16Jan2016

Retirement Gives Way to Transport Post

William Jeffries faced a dilemma 12 years ago when he was laid off from a salaried job at a local plant, where he had worked for 40 years. So, he decided to collect unemployment for six months until he was eligible for Social Security at age 62. With that, a small pension and money from a 401K, he would make ends meet.

But after working around the house during the summer, fixing and cleaning and updating, he found himself confronting the winter months with the thought, “What am I going to do now? I can’t sit around the house. I’ll go crazy.”

That’s when he told his wife he was going to look for a part-time job. He saw an ad in the newspaper for bus drivers to work five hours a day at the Antonine Adult Day Care Center in North Jackson. He went to speak to Sister Marie Madeleine Iskandar, and the next day he was learning the bus routes. He’s been a bus driver for the facility ever since.

The center provides bus transportation to adults enrolled in the day-care program. All clients are provided nutritious, home-cooked meals; are engaged in conversation and social interaction; receive intellectual stimulation through games and music; and participate in physical activities like handcrafts and light exercise.

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William Jeffries

William Jeffries transports clients to the Adult Day Care Center and back home.

Daily bus service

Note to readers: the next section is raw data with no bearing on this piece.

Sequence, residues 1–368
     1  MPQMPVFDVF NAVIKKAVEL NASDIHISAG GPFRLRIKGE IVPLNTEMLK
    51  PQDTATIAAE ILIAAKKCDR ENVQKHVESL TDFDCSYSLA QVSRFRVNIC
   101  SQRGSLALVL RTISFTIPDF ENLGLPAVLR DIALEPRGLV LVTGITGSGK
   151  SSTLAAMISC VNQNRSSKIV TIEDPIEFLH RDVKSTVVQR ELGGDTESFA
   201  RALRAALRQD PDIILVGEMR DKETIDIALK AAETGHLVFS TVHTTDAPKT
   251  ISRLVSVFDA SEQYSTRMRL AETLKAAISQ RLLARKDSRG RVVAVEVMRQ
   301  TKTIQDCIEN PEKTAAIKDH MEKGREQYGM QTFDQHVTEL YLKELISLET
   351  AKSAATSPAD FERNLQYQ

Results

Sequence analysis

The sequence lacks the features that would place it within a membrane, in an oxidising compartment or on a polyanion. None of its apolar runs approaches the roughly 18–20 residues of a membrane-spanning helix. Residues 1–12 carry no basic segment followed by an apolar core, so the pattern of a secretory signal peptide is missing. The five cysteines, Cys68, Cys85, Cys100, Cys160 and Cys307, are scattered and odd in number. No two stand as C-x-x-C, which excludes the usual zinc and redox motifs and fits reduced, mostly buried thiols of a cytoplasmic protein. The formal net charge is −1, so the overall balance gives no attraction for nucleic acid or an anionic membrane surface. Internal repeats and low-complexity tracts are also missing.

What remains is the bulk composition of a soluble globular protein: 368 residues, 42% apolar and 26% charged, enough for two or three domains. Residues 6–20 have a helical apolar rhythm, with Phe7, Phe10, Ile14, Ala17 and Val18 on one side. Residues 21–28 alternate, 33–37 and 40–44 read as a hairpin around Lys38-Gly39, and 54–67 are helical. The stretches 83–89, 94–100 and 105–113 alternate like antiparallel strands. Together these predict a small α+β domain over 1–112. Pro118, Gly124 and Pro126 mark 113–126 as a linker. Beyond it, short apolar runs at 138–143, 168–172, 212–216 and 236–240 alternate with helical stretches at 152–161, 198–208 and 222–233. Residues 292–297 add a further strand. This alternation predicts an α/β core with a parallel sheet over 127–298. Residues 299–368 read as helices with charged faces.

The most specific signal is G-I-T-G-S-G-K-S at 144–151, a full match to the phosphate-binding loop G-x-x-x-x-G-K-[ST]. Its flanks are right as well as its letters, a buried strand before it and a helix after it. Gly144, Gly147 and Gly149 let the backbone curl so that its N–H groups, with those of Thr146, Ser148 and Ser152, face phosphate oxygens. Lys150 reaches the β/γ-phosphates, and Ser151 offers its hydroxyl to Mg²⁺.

William, a North Jackson resident, and three other drivers transport clients to the center each day.  The drivers start at about 7 a.m. on their assigned routes to pick up clients and get them to the day-care center by around 9 a.m. After a day of activities, snacks and lunch, the clients are then transported back to their homes beginning at around 3 p.m.

William said he likes talking to the clients, and he likes the exercise. “I can’t see myself sitting in a recliner. I like getting out to talk to people and move around. It’s good for your health,” he said.

He admires the way the clients are cared for at the center. “They get home-cooked meals, and the center is immaculate, spotless,” he said, adding, “It’s really a nice facility. I wouldn’t be afraid to send anyone there.”

Vehicle maintenance supervisor

Besides providing transportation for day-care attendees, William oversees the servicing of all vehicles at the Antonine Village and Adult Day Care Center including four full-size buses, one minibus, one minivan and three cars used by the Antonine sisters.

And his responsibility is to keep tabs on all vehicles so that they are in good operating order. “Sister Madeleine wants to make sure all the vehicles are safe.”

William is amazed that after 12 years, he’s still working as a bus driver. “I always said I hope the good Lord would give me 10 good years after retirement, and I’ve surpassed that,” he said.

And but it doesn’t sounds like he’s going to call it quits anytime soon.  “I will continue as long as I have my health.”

William and his wife have five children, 10 grandchildren, three great-grandchildren and one on the way.